Today, a conversation with Intelligentsia QC manager Chris Kornman and coffee buyer Geoff Watts regarding Colombian coffee varieties—the third weekly installment in my series on the CRS Colombian Varietal Cuppings.
Earlier this month, Chris and QC Lab Assistant Amanda Seaver staged the CRS Colombian Varietal Cuppings at the Intelligentsia Roasting Works in Chicago. Six different Intelligentsia cuppers participated. They did not have a decisive preference for either variety.
Intelligentsia’s most experienced and best-known cupper, the great Geoff Watts, did not participate in the CRS Colombian Varietal Cuppings but did cup all 22 sample pairs during the first Colombia Sensory Trial panel, also hosted by Intelligentsia in Chicago. He preferred Castillo, and not by a small margin.
WHAT THEY EXPECTED.
At the outset of the process, I asked Chris and Geoff about their perceptions were of the two varieties and their expectations for how each would perform.
Chris: “At Intelligentsia, Caturras from Colombia are perceived as being sweet, juicy, red-fruit forward in flavor profile, soft and clean. Castillos are seen as tart, full-bodied, vegetal and bitter. My expectation is that there will be a small preference for Caturras.”
Geoff: “I think about Castillo as a cultivar that will produce a decidedly inferior quality cup as compared with Caturra. I have had some very poor experiences with Castillo during cuppings over the last several years, and have come to associate the variety with a degree of roughness and a less enjoyable, less articulate cup. If pressed, I would lay some small odds on Caturra outperforming Castillo by a reasonable margin on average, with a few exceptions.”
WHAT THEY TASTED.
CRS Colombian Varietal Cupping.
Chris, Amanda and their crew preferred Castillo in 11 of the sample pairs and Caturra in 11. They awarded Caturra a slightly higher average score (84) than Castillo (83.7), but a slightly higher median score for Castillo (83.6) than Caturra (83.5). Exceptional Caturra samples (88 points and above) narrowly outnumbered exceptional Castillo samples (five to four), while most of the sub-specialty samples (under 80 points) were Castillo (five out of six).
The Intelligentsia cuppers were remarkably calibrated. The rate of agreement on preference was over 90 percent. In seven of the 11 sample pairs in which they awarded a higher average score to Castillo than Caturra, the preference for Castillo was unanimous. The same was true for nine of the 11 sample pairs in which they awarded higher average scores to Caturra than Castillo.
Chris was not surprised about the degree of calibration. He was surprised there wasn’t a clearer preference for one variety over another among cuppers who participated in the CRS Colombian Varietal Cuppings.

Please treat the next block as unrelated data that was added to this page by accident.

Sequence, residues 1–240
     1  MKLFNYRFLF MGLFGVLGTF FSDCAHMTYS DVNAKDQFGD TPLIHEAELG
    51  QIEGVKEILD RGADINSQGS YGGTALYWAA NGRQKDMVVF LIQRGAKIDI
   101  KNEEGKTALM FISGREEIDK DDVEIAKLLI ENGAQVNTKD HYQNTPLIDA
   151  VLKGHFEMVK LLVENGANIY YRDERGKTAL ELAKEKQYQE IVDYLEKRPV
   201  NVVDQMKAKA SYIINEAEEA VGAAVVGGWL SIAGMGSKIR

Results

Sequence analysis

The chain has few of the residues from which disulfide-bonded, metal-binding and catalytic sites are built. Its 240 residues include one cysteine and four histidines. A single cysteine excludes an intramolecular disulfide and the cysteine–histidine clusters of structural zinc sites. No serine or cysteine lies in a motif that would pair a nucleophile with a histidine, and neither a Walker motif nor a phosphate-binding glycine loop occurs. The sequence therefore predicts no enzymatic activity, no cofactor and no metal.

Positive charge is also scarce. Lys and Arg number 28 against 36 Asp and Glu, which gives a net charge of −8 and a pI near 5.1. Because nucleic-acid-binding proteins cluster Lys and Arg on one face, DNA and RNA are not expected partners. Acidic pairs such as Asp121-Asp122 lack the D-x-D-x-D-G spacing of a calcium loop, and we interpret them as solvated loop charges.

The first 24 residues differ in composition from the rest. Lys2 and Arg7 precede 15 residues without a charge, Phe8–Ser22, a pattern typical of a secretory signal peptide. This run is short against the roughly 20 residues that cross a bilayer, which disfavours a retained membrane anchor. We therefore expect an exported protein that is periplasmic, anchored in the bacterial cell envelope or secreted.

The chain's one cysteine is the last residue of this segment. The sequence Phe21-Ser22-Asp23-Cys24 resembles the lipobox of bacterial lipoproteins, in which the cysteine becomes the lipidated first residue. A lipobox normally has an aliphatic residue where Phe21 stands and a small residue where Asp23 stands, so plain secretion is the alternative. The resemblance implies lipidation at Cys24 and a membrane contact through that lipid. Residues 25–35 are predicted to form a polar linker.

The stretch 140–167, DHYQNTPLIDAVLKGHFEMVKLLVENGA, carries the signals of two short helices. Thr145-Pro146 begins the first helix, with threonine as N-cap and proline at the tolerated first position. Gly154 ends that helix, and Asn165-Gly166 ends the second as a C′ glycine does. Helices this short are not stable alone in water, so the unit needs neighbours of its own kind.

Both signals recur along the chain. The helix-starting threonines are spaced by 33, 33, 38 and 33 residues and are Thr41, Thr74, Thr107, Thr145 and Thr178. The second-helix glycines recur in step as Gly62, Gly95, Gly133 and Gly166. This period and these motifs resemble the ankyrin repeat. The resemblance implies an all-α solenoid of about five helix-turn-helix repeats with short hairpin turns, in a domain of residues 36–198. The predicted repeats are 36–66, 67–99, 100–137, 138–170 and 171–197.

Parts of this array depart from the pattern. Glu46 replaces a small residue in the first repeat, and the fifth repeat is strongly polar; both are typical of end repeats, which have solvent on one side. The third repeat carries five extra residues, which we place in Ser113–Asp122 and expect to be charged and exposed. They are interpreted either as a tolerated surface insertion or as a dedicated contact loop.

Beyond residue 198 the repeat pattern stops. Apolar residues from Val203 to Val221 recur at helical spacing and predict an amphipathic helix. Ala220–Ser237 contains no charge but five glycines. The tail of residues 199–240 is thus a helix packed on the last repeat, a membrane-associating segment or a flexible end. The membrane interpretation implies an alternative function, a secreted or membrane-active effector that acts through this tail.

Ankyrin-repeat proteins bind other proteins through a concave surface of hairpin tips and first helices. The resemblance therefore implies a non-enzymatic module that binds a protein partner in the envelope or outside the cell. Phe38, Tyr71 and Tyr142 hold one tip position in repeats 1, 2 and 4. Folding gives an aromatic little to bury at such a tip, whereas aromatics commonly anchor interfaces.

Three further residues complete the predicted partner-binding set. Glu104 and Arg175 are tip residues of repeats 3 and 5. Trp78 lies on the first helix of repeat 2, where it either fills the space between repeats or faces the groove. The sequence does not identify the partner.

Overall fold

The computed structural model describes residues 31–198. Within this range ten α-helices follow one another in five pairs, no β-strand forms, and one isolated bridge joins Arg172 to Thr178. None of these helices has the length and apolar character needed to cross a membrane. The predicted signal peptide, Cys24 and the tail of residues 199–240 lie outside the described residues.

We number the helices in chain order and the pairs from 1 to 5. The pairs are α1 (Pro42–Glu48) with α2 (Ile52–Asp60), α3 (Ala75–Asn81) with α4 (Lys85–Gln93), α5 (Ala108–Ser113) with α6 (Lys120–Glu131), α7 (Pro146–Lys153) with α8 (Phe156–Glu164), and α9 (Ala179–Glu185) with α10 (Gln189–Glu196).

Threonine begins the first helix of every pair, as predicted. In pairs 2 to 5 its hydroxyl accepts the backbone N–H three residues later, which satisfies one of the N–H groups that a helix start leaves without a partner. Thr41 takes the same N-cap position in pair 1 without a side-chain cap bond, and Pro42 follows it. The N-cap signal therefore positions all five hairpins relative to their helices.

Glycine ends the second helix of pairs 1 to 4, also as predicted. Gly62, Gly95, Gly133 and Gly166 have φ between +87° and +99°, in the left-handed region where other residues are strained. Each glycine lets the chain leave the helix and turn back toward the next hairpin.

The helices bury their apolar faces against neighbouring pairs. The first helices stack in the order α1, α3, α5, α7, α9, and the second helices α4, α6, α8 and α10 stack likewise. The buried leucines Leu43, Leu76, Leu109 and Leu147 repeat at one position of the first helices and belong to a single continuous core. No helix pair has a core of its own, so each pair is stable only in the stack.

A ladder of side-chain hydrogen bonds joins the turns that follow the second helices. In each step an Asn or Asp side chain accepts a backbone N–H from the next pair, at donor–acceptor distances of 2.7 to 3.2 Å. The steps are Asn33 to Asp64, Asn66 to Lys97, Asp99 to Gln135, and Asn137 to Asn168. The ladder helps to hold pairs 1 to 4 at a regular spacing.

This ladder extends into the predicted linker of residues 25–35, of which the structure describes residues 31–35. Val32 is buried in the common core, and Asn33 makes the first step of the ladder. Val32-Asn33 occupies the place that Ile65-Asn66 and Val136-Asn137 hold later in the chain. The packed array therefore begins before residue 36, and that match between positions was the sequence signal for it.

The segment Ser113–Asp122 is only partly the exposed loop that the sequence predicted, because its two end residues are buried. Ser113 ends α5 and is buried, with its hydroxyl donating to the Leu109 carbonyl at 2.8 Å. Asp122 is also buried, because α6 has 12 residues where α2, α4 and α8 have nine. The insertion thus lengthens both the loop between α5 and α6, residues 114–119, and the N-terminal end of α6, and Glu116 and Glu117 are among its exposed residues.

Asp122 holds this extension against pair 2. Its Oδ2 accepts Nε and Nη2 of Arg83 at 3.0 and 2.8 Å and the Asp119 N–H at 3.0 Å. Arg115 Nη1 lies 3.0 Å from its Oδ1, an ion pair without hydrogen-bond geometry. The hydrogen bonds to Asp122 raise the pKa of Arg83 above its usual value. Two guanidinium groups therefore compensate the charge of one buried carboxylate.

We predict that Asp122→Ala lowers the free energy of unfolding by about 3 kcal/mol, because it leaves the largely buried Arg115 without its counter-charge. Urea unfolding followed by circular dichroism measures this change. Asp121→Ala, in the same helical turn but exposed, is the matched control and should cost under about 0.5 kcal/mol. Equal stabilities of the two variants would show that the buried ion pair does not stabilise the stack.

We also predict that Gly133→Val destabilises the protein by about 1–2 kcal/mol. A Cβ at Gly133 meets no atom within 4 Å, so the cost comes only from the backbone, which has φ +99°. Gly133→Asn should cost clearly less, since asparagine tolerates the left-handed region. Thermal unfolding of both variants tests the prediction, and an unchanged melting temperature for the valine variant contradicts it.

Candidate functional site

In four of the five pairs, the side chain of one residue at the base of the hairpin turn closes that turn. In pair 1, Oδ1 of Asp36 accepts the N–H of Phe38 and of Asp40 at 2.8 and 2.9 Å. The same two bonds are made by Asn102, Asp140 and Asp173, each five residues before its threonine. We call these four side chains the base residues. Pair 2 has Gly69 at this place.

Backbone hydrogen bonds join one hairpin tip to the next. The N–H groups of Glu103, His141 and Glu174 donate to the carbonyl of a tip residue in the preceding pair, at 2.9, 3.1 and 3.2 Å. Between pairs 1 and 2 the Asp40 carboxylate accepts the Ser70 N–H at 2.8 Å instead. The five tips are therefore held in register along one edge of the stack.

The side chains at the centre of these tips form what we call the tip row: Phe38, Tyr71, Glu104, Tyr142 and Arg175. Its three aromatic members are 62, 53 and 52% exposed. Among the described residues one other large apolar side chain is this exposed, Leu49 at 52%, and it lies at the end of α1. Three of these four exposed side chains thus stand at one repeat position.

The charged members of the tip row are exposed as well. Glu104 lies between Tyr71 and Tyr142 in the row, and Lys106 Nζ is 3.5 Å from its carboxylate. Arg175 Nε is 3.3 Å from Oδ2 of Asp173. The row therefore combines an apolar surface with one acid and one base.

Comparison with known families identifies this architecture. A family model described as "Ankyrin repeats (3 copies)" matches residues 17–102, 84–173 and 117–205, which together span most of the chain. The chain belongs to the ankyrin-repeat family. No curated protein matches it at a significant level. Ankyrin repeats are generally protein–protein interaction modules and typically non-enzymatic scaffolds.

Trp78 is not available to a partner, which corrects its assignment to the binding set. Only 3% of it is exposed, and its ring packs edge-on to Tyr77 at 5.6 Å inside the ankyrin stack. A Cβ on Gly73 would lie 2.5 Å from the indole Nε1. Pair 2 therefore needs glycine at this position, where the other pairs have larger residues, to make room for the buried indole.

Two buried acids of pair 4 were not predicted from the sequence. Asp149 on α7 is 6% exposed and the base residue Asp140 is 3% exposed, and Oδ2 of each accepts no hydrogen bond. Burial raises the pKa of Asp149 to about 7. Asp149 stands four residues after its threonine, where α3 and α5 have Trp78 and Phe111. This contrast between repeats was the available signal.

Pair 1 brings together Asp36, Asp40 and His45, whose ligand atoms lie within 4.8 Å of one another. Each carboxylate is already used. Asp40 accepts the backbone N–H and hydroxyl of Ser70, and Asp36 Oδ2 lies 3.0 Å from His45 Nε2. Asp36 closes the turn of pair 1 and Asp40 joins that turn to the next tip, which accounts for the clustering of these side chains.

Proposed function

Colombia Sensory Trial.
Geoff, on the other hand, had a very clear preference for Castillo.
- He preferred Castillo to Caturra in 15 of the 21 sample pairs he tasted.
- The mean score for Castillo samples (84.6) was 1.2 points higher than the maean score for Caturra samples (83.4).
- The margin of preference was even greater for the median scores: Castillo 85, Caturra 82.8.
- Castillo samples earned more scores of 88 and above than Caturra (8 to 7).
- Castillo samples had fewer of the scores under 80 (5) than Caturra samples (9).
Geoff was “surprised and delighted” by the results.”I wasn’t surprised that Castillo was capable of producing a very good cup. We’ve seen that happen before. But I was pleasantly surprised with the frequency with which it did so, and the number of times it outperformed the Caturra from the same farm.”
WHAT IT MEANS.
These cupping exercises have helped Intelligentsia reconsider its position on Castillo, but are not likely to have an immediate impact on the company’s buying practices.
Perceptions of Castillo’s cup quality.
Chris: “In light of this research, any bias we might have previously had against Castillo will likely be regarded as more-or-less unsubstantiated.”
Geoff: “I can say that I’m definitely much less resistant to Castillo than I had been before the trial, and I feel a sense of relief about that. I’ve buying a decent amount anyway, since many of the farmers we work with have been planting it for years now, but it has still given me some anxiety. Now I’m a little more at ease about its ability to produce quality.”
Geoff: “We’ve got to be careful about extrapolating too much from a single trial. There are just so many factors that influence coffee quality, so we’ve got to be careful about making assumptions or making logical leaps based on the outcome from a trial that is still missing some degree of control over important variables. I see this trial as the beginning of a longer investigation that should eventually give us enough insight and confidence to make better decisions about recommendations to farmers regarding varietal choices. There is still so much more to learn.”
This conversation with Intelligentsia is the third in a series of weekly interviews on the CRS Colombian Varietal Cuppings.
<< Last week: Tim Wendelboe.
The Colombia Sensory Trial and the CRS Colombian Varietal Cuppings are supported by a grant from the Howard G. Buffett Foundation.